Well I say there ought to be a law. Not necessarily against on-again-off-again auctions (if there can be such a thing - you either bid or you don't, you either accept the bid or you don't?), but against the unsympathetic hounding of frustrated mommies. You see, I know all too well how hard it is to balance lessons in obedience, responsibility and (dollars &) 'sence' with warm hugginess, patience and forgiveness. As the mother of two children, I know that sometimes, you need to just let it lie. But there are those moments when you've simply had it - when you've heard 'let 'er rip"a hundred million times, and that irritating rattle and roll in the beyblade arena (yes, one of my kids looooooves beyblades too) is ringing in your ears, for example.
Imagine another scenario: You've had a long day teaching, you are starving because all you had to eat all day was that granola bar snatched between classes. You're finally home juggling cooking dinner, supervising homework and checking voicemail messages. The fact that someone has contributed to the daunting mess in the family room by leaving beyblade paraphernalia scattered all over the place is ticking like a timebomb, at the back of your brain, setting up a 'Mommy moment'. Must you not only patiently endure your hunger, your exhaustion and your frustration, but fight the temptation of eBaying the offending toys too?
I've tried the maligned discipline tactic before, you see. Someone who will remain nameless once shattered my car windscreen during a tantrum. Exactly $173.16 of the $1000+ it cost to replace the windscreen emptied the culprit's piggy bank. Admittedly I didn't take a picture of the culprit, post it on eBay, round up all the beyblades I could find, and attempt to raise the $826.84 balance by auctioning them on eBay. I'm not even sure the lesson had the desired effect because from time to time, I'm reproachfully reminded by a certain someone (who's saving up for the latest computer-game-thingy), that s/he would have $173.16 more by now if I hadn't raided his/her piggybank. But what's a mom to do?
Its a sometimes thankless job, being a Mom, but really, what has this world come to when a random Hydra can rear up to (caution: link contains coarse language) frustrate your non-spanking discipline attempts , and you earn yourself a place in the Mommies Hall Of Shame for even trying the discipline attempt? With a chipped bathtub and broken soap dish on top, to add insult to injury?
So now I have a hilarious intended-in-jest-or-serious-contractual-offer teaching hypo for my contracts students. And, the urge to check that I have not been outed in the Mommy's Hall of Shame as a bad mom everytime I cringe at hearing 'let er rip!"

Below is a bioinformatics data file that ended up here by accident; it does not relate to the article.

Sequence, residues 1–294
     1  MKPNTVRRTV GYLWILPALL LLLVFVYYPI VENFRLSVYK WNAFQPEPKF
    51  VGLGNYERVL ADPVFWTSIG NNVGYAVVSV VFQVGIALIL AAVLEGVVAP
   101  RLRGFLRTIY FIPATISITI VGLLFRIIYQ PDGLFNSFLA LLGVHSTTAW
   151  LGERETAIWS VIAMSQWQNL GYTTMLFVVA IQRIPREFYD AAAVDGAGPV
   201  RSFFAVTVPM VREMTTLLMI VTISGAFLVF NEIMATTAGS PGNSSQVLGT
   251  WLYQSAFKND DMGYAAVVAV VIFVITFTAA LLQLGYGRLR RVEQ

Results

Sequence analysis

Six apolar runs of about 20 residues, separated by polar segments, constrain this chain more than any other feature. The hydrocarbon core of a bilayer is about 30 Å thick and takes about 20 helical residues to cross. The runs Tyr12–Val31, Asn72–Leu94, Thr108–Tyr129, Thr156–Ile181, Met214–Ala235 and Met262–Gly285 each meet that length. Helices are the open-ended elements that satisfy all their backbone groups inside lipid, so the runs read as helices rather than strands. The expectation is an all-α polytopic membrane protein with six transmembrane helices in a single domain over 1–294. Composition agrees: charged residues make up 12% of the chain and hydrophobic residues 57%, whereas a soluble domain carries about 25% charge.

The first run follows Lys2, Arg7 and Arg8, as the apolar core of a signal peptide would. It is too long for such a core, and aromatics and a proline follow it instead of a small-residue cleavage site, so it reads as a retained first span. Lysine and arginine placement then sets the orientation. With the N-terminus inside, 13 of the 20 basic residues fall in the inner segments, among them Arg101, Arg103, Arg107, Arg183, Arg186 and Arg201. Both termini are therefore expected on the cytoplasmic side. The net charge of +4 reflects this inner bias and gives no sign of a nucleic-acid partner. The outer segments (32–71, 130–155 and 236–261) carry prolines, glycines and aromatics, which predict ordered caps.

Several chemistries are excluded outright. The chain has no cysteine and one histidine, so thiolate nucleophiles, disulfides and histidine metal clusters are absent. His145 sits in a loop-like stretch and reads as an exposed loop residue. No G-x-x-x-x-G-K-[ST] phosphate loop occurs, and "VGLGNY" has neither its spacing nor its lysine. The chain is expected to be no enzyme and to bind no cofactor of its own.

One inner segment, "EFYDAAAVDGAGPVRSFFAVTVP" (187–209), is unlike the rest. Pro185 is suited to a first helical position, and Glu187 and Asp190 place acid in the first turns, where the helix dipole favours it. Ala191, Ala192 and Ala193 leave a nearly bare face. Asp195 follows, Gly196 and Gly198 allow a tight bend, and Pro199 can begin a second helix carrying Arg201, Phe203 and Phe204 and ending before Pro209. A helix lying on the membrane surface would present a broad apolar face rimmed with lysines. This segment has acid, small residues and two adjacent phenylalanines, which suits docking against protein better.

[Eniola O Akindemowo]
Fortuitously, while I was in St. Petersburg blabbing about presenting on strategic default and the tension between morality and efficiency, the Miami Herald ran a long article "The Curse of Negative Home Equity." The article focuses on South Florida's housing "tailspin" and the temptation of strategic default. Here's a taste:
As more than $113 billion worth of home equity has vanished from South Florida’s housing market in the past five years, the number of homeowners with mortgages that are larger than the values of their properties has become enormous. More than 300,000 South Florida mortgages—or 43 percent of them—are currently underwater, the highest level in decades, if not ever. That’s about four times the number of homes in foreclosure.
The underwater problem has been a thorn in the side of a housing market plagued with tight credit, record-high foreclosures and high unemployment. It has contributed to a deluge of loan modification requests, pushed up the foreclosure rate and helped revive a once-taboo exit strategy—the strategic default.
You can read the rest of the article here.
[Meredith R. Miller]
The University of Dar es Salaam Business School in Tanzania has issued a call for papers for:
International Conference on Globalization and Development:
Developing Countries’ Perspectives
The conference will provide a forum for academicians and practitioners from all corners of the globe to critically address these issues with the aim of coming up with suggestions that will lead to solutions that can help to improve the lot of developing countries.The main theme of the conference is: Promoting Trade Competitiveness in Developing Countries.
Papers to be submitted can therefore focus on any of the following sub-themes:
- Domestic Market Integration
- Market access Conditions in Emerging Markets
- Export promotion in Developing Countries
- Export Supply and Competitiveness
- Natural Resources and Competitive Advantage
- Trade in Services and its Implications in Developing Countries
- Industrial and Trade Policies Complementarities in Developing Countries
- Foreign Direct Investments in Africa
- Chinese Investments in Africa
- Regional Economic Integrations
- SMEs Development and Foreign Trade Performance
- Aid for Trade and Development
- Agricultural Trade and Poverty Alleviation
- Other contemporary Issues on International Trade and Agreements